“The future has never been brighter for babies born with Down syndrome,” said Rep. Ward. “Medical and social advances have changed what it means to live with this condition. Down syndrome means that opportunities exist in every area of school, community and even professional life. We’ve learned too much to accept that Down syndrome citizens should be considered anything less than full members of the community. They deserve respect and the protection of our laws.”

House Bill 2050 was introduced with the broad bipartisan support of more than 70 co-sponsors.

Four other states have taken steps to protect these children by passing laws prohibiting abortions because of a Down Syndrome diagnosis.

Published at Pennsylvania’s timesleader .com on February 10. Reprinted here on March 25 for educational purposes only. May not be reproduced on other websites without permission from the Times Leader.

President Trump and Vice President Pence marked World Down Syndrome Day by meeting with families.  “Today we celebrate the lives and achievements of Americans with Down syndrome,” tweeted Trump. “@VP and I will always stand with these wonderful families, and together we will always stand for LIFE! #WorldDownSyndromeDay”


1. The first paragraph of a news article should answer the questions who, what, where and when. List the who, what, where and when of this news item. (NOTE: The remainder of a news article provides details on the why and/or how.)

2. What does abortion law in Pennsylvania currently allow? What is the exception?

3. What exception would the proposed Down Syndrome Protection Act require?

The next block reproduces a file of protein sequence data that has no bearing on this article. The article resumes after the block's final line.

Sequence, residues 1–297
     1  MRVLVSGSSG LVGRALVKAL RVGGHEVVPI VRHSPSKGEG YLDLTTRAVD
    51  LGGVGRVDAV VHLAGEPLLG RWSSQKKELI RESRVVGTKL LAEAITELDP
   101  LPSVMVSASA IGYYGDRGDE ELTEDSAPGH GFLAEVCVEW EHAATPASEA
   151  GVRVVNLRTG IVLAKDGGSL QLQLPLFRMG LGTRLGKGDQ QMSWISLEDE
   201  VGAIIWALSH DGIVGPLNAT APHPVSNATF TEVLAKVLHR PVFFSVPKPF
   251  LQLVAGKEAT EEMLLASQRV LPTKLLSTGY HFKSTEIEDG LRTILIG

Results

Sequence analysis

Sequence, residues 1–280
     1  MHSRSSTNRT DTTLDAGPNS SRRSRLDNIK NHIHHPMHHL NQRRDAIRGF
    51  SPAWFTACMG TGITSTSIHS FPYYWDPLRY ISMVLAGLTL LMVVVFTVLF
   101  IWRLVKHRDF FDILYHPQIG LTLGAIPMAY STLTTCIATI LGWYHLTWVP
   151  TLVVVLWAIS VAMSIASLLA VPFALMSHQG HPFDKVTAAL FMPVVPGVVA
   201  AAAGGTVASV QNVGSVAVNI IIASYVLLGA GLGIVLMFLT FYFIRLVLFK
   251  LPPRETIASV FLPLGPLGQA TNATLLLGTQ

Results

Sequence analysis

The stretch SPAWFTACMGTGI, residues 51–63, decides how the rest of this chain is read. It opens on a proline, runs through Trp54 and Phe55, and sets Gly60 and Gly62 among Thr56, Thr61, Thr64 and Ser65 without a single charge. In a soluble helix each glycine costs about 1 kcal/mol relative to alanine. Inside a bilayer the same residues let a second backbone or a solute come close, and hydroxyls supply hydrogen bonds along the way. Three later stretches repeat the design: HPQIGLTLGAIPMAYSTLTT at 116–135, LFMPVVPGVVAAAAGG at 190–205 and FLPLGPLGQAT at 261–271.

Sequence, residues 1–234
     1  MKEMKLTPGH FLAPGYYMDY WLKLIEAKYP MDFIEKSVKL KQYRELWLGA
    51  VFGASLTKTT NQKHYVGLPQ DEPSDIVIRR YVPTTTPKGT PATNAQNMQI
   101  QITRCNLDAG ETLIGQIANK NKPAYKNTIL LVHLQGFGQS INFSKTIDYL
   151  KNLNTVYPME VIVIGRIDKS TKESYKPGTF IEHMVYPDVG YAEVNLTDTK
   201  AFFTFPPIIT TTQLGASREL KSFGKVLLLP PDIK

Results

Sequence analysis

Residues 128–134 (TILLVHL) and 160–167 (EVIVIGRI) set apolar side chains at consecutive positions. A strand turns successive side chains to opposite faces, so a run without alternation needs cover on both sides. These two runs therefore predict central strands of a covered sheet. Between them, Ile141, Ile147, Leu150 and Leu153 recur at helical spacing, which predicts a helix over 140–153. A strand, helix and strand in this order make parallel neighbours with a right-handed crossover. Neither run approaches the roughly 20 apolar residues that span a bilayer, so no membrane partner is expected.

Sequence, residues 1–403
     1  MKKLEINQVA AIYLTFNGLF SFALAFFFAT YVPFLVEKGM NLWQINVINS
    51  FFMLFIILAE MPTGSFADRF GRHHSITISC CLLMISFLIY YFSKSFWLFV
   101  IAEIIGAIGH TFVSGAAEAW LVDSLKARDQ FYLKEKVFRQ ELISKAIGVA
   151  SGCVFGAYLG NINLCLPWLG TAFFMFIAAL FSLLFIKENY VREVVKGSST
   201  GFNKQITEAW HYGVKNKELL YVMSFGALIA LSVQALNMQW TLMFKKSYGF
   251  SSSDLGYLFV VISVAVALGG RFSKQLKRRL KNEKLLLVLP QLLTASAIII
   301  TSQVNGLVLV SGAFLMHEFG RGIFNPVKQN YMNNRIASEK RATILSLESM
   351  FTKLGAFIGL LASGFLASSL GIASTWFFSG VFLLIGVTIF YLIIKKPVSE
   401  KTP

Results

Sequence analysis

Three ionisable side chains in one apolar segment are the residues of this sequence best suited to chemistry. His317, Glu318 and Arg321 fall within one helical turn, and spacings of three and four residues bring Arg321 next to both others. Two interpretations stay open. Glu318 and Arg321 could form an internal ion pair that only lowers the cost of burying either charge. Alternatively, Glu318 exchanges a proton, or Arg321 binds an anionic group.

4. a) There are 203 members of the Pennsylvania House (109 Republicans and 91 Democrats). How many members co-sponsored the Down Syndrome Protection Act (House Bill 2050)?
b) Challenge: If you live in Pennsylvania, visit your representative’s website to see whether he/she supports the bill.
Note: The Pennsylvania Senate version of the Down Syndrome Protection Act is Senate bill 1050. Do a search for your senators’ position on the bill.

5. a) How many other states have passed laws prohibiting abortions because of a Down Syndrome diagnosis?
b) CHALLENGE: Do an internet search. Name the states.

6. Read Read Facts about the Down Syndrome Protection Act (House bill 2050).
Then watch the video under “Resources” and check out some of the links (all include videos).
a) Do you think every state should pass a law protecting babies with Down Syndrome? Explain your answer.

b) The Down Syndrome Protection Act has bipartisan support. As Republicans have majority control in both the Pennsylvania House and Senate it is expected to pass in both houses. However, PA Governor Tom Wolf, a Democrat, has stated that he will not sign any bills that would limit what he refers to as “abortion access.” He will most likely veto the Down Syndrome Protection Act. What do you think of the governor’s position? Explain your answer.


Read previous posts:

Watch a news report:

Watch a clip from the event announcing House Bill 2050, in which her father Kurt Kondrich explains the importance of the lives of people with Down syndrome. His daughter Chloe was born with Down syndrome in 2003: